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New Anticancer Drugs Interfere with DNA Binding Properties of EBV

By LabMedica International staff writers
Posted on 18 Mar 2019
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Image: A simplified diagram of the structure of Epstein-Barr virus (EBV) (Photo courtesy of Wikimedia Commons).
Image: A simplified diagram of the structure of Epstein-Barr virus (EBV) (Photo courtesy of Wikimedia Commons).
The recent synthesis of small molecular drugs that interfere with the DNA binding properties of Epstein-Barr virus (EBV) suggests that it may be possible to develop medications for the treatment of EBV-associated cancers.

Persistent latent infection with EBV has been linked to development of various cancer types, including Burkitt’s lymphoma, nasopharyngeal carcinoma (NPC), and Hodgkin’s lymphoma. The only viral protein that is consistently expressed in these tumors is Epstein-Barr nuclear antigen 1 (EBNA1), a multifunctional DNA binding protein critical for viral replication, genome maintenance, viral gene expression, and host cell survival. Since EBNA1 is the only viral protein consistently expressed in all EBV-associated tumors, it is an attractive target for therapeutic intervention.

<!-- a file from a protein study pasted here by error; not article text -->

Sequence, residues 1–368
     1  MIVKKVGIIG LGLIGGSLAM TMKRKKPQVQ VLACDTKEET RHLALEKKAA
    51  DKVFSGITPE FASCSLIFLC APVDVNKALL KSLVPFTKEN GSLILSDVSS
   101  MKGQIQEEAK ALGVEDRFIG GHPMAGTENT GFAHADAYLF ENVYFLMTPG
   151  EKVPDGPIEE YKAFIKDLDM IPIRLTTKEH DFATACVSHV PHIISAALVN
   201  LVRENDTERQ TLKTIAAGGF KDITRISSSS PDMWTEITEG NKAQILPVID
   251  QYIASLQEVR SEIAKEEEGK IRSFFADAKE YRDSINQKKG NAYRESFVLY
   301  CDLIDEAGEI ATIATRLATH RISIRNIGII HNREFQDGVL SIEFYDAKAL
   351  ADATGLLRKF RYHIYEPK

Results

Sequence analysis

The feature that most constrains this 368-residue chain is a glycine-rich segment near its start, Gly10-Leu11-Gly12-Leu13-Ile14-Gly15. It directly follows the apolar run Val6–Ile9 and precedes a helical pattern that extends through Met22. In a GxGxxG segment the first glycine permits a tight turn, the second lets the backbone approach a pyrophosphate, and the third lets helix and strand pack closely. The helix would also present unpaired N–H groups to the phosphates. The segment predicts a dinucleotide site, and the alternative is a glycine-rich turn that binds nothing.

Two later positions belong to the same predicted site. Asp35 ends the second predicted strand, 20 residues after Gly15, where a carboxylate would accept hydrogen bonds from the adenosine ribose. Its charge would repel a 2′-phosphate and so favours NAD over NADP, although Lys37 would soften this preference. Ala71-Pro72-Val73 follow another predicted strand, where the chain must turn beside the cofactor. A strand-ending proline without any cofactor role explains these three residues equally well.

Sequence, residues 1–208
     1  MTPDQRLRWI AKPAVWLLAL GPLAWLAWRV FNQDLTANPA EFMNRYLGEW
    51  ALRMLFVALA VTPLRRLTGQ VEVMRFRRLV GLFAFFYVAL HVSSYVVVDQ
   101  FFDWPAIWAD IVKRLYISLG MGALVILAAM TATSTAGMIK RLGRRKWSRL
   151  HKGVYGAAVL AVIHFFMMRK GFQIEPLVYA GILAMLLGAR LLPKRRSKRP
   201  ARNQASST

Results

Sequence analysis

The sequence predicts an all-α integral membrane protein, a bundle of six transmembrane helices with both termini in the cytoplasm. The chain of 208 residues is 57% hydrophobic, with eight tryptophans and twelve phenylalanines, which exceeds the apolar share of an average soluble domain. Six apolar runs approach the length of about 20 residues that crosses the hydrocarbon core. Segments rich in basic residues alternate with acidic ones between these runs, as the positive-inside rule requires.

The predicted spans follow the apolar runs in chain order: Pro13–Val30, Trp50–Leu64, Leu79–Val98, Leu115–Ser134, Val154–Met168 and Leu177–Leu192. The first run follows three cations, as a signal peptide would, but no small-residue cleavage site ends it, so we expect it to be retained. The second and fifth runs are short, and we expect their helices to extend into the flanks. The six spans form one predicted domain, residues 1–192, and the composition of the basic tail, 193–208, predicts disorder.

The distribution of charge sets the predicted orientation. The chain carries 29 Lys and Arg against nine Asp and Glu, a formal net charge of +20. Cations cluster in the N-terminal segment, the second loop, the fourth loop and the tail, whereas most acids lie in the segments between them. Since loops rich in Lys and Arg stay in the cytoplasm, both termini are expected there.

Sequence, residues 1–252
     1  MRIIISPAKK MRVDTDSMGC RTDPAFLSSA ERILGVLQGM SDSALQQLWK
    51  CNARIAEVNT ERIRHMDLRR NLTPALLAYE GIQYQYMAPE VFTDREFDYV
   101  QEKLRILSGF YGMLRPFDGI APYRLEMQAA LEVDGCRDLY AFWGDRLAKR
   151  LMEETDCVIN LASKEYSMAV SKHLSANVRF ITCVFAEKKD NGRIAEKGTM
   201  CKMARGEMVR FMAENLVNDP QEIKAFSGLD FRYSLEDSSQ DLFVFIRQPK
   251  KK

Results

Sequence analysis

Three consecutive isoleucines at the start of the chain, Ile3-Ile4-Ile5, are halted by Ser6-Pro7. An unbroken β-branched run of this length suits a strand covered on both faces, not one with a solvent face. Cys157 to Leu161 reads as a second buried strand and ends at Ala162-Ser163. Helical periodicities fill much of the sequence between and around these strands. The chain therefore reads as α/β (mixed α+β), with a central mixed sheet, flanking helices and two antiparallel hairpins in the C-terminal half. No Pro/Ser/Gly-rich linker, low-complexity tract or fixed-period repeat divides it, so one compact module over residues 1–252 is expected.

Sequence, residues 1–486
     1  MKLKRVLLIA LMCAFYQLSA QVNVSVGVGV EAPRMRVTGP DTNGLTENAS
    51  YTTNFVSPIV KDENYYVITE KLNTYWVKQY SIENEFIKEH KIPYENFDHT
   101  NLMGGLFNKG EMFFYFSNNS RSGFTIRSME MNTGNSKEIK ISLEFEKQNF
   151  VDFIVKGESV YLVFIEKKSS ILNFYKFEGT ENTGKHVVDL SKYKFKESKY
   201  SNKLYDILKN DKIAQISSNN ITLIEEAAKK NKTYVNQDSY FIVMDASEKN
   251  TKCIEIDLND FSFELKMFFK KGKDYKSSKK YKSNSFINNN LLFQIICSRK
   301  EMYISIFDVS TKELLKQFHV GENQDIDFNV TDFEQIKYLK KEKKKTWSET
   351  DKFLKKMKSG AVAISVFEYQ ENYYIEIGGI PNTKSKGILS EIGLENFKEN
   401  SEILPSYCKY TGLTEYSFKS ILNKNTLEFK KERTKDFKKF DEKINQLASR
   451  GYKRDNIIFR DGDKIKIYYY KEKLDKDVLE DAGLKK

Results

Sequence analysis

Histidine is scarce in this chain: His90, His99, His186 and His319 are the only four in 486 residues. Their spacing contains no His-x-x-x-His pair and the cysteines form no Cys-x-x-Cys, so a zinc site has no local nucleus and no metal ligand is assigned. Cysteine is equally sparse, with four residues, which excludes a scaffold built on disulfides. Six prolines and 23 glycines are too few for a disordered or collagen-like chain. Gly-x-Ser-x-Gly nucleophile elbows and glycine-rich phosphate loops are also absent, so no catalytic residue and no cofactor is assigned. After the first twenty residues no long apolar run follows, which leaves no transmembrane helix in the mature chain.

To this end, investigators at the Wistar Institute (Philadelphia, PA, USA) used a fragment-based approach and x-ray crystallography to identify a 2,3-disubstituted benzoic acid series that selectively inhibited the DNA binding activity of EBNA1. They characterized these inhibitors biochemically and in cell-based assays, including chromatin immunoprecipitation and DNA replication assays.

The investigators reported in the March 6, 2019, online edition of the journal Science Translational Medicine that EBNA1 inhibitors demonstrated potent tumor growth suppressor activity in several EBV-dependent xenograft models, including patient-derived xenografts for NPC. These inhibitors selectively blocked EBV gene transcription and altered the cellular transforming growth factor-beta (TGF-beta) signaling pathway in NPC tumor xenografts.

Overall, the EBNA1-specific inhibitors showed favorable pharmacological properties and have the potential to be further developed for the treatment of EBV-associated cancers.

“EBNA1 is found in all EBV-associated tumors and does not look like any other protein in the human body,” said senior author Dr. Paul M. Lieberman, professor, of chemical biology and translational medicine at the Wistar Institute. “These characteristics, along with the protein’s particular structure, make EBNA1 a very attractive therapeutic target.”

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